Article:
Authority should always be questioned because it is Authority (capital A) that assumes and enforces the auspicious of power.  Authority directs our social world, and we are social animals. 

SOCIAL reality is certainly largely fiction, however, I find the term ‘convenient contrivance’ to be personally attractive. 

In terms of one’s own personal authority, it should certainly be examined what your personal claims as to what reality is or is not, what social organization should and shouldn’t be, and what are you really perceiving as opposed to misperceiving.  However YOUR authority derives largely from the fact that you exist (or to be truly philosophically robust; you at least SEEM to exist, and that is indeed enough).  I tend to think that if you exist you’ve been invited to the party; and with that quip, personal authority is inherent.

The human game, as well as our own value system, will always be undergoing revision.  My thinking is adopting a metaphor like virtual reality will make this endless process of revision more fluid.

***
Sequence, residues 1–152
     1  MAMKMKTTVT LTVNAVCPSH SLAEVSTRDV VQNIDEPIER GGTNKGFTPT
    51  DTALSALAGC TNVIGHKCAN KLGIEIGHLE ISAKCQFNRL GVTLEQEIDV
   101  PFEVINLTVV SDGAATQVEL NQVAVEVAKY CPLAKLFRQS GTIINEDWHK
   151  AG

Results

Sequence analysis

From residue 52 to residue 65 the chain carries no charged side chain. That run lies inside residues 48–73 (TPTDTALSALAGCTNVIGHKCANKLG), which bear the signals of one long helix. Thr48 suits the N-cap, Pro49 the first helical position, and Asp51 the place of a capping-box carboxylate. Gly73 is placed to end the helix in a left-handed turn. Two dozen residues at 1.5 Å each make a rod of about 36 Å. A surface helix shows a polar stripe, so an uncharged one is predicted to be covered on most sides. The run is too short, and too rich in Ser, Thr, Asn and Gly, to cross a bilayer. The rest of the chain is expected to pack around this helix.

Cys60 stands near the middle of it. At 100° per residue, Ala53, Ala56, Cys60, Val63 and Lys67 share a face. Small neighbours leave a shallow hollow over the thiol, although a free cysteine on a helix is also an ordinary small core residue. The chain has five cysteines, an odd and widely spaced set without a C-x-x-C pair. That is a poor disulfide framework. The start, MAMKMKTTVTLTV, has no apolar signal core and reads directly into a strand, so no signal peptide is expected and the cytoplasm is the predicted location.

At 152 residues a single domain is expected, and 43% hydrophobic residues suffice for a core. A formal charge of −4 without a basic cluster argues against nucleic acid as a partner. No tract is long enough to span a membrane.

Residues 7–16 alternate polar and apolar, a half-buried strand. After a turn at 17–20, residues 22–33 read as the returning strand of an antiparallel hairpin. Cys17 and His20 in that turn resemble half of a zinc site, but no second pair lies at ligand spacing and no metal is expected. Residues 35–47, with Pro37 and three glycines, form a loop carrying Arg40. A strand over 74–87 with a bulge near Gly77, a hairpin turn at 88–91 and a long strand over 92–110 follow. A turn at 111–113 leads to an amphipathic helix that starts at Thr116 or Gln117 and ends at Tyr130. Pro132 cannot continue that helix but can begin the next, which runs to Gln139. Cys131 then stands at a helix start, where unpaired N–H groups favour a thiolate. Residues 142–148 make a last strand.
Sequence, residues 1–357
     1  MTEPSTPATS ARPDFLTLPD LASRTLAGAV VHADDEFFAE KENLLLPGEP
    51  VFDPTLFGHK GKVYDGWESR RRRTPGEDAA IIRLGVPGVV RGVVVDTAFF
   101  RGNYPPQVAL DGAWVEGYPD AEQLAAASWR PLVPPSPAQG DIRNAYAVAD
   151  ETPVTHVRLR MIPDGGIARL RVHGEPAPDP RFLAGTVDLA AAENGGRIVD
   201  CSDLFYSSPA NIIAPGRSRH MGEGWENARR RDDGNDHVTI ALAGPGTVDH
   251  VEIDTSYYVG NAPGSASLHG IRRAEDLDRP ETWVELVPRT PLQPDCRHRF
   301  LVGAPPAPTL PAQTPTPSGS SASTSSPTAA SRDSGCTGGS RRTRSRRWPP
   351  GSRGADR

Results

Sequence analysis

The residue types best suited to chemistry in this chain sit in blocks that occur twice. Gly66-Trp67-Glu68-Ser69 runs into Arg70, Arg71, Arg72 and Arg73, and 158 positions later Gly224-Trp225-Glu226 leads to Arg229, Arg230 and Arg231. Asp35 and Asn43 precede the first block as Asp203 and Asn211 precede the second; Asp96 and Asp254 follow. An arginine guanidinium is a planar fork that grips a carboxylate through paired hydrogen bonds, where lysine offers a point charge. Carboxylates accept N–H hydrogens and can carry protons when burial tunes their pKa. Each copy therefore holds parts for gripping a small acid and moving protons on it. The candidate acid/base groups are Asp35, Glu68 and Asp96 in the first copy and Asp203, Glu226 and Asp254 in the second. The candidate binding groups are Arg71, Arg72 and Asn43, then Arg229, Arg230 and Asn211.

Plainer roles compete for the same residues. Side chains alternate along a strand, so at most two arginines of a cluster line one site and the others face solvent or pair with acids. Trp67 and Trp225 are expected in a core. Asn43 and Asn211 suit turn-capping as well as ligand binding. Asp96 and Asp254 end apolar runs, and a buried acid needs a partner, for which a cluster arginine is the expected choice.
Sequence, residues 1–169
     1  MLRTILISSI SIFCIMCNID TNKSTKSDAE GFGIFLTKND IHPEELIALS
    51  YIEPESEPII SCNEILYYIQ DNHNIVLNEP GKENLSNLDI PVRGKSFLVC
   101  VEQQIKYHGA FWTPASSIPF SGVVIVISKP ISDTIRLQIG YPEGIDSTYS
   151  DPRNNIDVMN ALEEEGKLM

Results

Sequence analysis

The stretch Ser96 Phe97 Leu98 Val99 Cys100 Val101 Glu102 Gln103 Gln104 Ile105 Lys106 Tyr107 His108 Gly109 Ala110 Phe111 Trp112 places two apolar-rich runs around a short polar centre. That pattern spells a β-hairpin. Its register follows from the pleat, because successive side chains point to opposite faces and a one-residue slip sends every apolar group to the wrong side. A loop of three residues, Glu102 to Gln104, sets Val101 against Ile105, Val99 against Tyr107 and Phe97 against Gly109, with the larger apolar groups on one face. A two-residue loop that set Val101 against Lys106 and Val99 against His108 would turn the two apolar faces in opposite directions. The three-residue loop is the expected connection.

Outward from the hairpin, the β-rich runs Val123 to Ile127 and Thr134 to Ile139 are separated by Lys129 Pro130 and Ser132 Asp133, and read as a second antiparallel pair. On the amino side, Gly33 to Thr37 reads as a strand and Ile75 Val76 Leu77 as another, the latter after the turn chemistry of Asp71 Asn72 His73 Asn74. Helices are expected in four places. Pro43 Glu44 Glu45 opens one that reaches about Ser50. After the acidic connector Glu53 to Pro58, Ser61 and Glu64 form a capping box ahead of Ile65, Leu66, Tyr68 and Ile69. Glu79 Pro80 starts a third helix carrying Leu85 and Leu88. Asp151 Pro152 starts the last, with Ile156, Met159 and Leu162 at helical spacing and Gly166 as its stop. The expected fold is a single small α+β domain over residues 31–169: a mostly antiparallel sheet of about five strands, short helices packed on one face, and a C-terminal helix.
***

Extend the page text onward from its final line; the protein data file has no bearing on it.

As to when will YOU be fulfilled, that’s entirely up to you to evaluate.  But as to when should you STOP questioning ANY Authority, as suggested above, I honestly suspect that the answer is NEVER.  There are many forms of false awakening, brother.

Personally a lot of this is fueled by the fact that I can’t stand blind conformity—my own or anyone else’s.


> “Since VR imposes itself on and into and over the imagination which is the fount of creativity one suspects this VR analogy is rather stretched.” 

I don’t really think so; but that may have to do with our personal beliefs about “creativity.”  As you can see I am very much outlining the general robustness of what I am loosely calling the ‘VR metaphor.’ For me creativity very much falls in line with being part of the metaphor insofar as when we are being creative we ‘think creative thoughts’.  Novel thoughts.  Nevertheless, those thoughts are still simulations—novel or not.  To me the fount would be consciousness, but what comes OUT of consciousness is seemingly always analogous to a simulation or a virtual reality—again, novel or not.

> “The image of the sun degraded into the cross of a church full of lies is rather inept to this great article.”

As to this line, I’d very much appreciate more on what you mean by this reading. 

The sun in Figure 1 here provided the light for the person in the church (VR headset church though it may be!) to project and thus imagine all the ideas and associations embedded in the stain-glass “visor”.  When we play a VR game, we don’t just straight play the game in a rote manner; imagination is THERE as well.